BEIJING (Reuters) - A Chinese journalist jailed while working for the New York Times expects to be freed at the weekend, his family and a lawyer said, ending a controversial prison term that highlighted the country’s tough media controls.
Zhao Yan, who reported on citizens’ rights and official abuses, was given three years’ jail for fraud in August 2006 -- a charge he denied.
He was detained in 2004 on accusations that included leaking state secrets after the Times reported that former president Jiang Zemin was likely to give up his post as chairman of the Central Military Commission, which he did shortly afterwards.
Zhao was accused of telling the newspaper about claims of rivalry between Jiang and his successor Hu Jintao. The Times has said that the charge was groundless.
Zhao’s sister, Zhao Kun, told Reuters on Friday she had spoken to a prison official and expected her brother’s release on Saturday. Other sources have calculated he may come out of the Beijing jail gates on Sunday.
“He’s in good spirits, and he’s been getting better all the time,” she said. “But the first thing he has to do after he gets out is have a physical check-up. We need to be sure he’s okay.”
Guan Anping, a lawyer who defended Zhao Yan in his trial last year, said he did not believe there could be unusual restrictions on Zhao’s travel within China after his release -- always a possibility in this one-party state.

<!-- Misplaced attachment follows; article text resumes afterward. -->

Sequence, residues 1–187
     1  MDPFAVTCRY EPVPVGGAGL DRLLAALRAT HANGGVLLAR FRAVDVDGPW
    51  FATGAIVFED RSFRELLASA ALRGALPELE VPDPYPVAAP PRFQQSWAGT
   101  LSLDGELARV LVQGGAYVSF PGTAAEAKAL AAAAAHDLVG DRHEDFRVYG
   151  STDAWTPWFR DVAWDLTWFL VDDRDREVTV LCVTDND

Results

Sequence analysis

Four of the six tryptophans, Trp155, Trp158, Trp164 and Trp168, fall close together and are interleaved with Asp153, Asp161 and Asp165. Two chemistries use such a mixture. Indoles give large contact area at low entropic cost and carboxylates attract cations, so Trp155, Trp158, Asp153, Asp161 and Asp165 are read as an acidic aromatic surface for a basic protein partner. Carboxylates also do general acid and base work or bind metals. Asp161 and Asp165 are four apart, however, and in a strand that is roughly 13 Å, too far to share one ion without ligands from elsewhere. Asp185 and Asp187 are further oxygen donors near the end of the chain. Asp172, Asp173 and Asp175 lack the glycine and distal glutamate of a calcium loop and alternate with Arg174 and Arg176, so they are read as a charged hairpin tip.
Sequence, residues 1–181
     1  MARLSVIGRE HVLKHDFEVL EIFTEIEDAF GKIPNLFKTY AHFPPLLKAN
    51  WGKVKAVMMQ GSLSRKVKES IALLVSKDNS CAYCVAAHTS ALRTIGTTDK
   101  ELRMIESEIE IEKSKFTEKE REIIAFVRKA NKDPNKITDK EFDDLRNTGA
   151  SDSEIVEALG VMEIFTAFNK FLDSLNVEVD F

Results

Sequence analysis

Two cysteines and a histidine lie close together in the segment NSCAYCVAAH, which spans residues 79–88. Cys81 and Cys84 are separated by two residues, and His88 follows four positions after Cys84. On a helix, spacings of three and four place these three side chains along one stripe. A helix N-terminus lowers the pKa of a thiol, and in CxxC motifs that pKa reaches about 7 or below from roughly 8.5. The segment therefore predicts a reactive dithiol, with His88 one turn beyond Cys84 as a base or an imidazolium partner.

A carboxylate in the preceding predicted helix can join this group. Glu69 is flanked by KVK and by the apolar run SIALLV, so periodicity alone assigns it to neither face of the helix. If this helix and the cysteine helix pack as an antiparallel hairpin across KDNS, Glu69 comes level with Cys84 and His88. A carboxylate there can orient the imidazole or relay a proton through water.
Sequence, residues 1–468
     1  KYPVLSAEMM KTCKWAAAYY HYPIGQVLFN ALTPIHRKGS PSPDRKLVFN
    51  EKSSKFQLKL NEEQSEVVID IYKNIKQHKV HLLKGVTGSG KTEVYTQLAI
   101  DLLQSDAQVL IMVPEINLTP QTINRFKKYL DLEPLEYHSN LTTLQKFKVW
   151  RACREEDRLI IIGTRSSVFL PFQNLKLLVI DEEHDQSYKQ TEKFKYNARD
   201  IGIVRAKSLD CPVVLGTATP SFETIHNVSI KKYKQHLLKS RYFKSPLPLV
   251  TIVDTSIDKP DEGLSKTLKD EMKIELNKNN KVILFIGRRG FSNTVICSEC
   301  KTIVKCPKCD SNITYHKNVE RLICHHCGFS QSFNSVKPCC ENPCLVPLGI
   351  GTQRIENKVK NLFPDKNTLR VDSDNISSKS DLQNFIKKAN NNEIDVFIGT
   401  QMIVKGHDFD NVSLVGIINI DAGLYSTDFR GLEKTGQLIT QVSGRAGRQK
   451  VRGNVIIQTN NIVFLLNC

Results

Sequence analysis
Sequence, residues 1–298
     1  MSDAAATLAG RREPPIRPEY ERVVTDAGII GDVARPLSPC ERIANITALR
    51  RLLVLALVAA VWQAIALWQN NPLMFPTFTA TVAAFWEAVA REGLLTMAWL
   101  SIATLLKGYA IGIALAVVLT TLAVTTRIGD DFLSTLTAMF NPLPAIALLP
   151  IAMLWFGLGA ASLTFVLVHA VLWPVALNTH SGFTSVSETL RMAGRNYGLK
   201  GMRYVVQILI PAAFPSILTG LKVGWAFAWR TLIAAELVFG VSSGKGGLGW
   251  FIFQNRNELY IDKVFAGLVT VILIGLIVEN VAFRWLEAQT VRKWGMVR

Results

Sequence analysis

Reporters Without Borders, a Paris-based group that campaigns against media restrictions, said Zhao’s activities should not be curtailed.
“Zhao should have all his rights restored, including the right to work as a journalist,” the group said in an emailed statement.
China holds 35 journalists and 51 cyberdissidents in prison “just for exercising their right to inform”, the group said.
Zhao, an ex-policeman with the gruff twang of a northeast China native, joined the Times’ Beijing office in 2004, after working as a investigative journalist for Chinese publications, mixing exposes of corruption and rural suffering with rights advocacy.
His case became the focus of intense campaigning by international human rights groups who said he was a victim of the ruling Communist Party’s capricious use of secrecy laws to stifle news. Senior U.S. diplomats also urged his release.
That pressure may have encouraged a Beijing court to unexpectedly reject the state secrets charge against Zhao, which would have attracted a sentence of 10 years or longer.
The court did find Zhao guilty of fraud, saying that in 2001 he took 20,000 yuan ($2660) from a village official on the unfulfilled promise of helping him avoid “labor re-education” -- a form of imprisonment.
The Times has made no statement about Zhao’s possible release.
His sister said she was unsure of what Zhao planned to do after his release.
“I know one of the first things he has to do is go back to Harbin (his home city) for our sister’s wedding. We’ve been waiting three years for him,” she said.
Our Standards: The Thomson Reuters Trust Principles.